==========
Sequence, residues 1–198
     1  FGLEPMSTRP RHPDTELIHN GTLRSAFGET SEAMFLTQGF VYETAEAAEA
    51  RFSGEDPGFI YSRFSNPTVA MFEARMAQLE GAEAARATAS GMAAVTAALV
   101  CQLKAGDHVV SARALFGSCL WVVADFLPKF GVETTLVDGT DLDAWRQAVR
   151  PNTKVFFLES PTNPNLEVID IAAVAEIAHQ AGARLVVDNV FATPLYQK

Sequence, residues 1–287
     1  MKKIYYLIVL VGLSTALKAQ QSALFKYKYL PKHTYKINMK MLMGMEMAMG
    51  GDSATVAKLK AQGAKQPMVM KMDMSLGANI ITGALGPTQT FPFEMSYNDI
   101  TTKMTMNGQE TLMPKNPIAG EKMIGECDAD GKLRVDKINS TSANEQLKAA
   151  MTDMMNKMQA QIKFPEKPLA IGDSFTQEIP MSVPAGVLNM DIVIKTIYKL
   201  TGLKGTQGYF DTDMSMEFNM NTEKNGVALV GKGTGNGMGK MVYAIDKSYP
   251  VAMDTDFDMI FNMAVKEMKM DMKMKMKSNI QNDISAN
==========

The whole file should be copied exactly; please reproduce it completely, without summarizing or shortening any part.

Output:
Sequence, residues 1–198
     1  FGLEPMSTRP RHPDTELIHN GTLRSAFGET SEAMFLTQGF VYETAEAAEA
    51  RFSGEDPGFI YSRFSNPTVA MFEARMAQLE GAEAARATAS GMAAVTAALV
   101  CQLKAGDHVV SARALFGSCL WVVADFLPKF GVETTLVDGT DLDAWRQAVR
   151  PNTKVFFLES PTNPNLEVID IAAVAEIAHQ AGARLVVDNV FATPLYQK

Sequence, residues 1–287
     1  MKKIYYLIVL VGLSTALKAQ QSALFKYKYL PKHTYKINMK MLMGMEMAMG
    51  GDSATVAKLK AQGAKQPMVM KMDMSLGANI ITGALGPTQT FPFEMSYNDI
   101  TTKMTMNGQE TLMPKNPIAG EKMIGECDAD GKLRVDKINS TSANEQLKAA
   151  MTDMMNKMQA QIKFPEKPLA IGDSFTQEIP MSVPAGVLNM DIVIKTIYKL
   201  TGLKGTQGYF DTDMSMEFNM NTEKNGVALV GKGTGNGMGK MVYAIDKSYP
   251  VAMDTDFDMI FNMAVKEMKM DMKMKMKSNI QNDISAN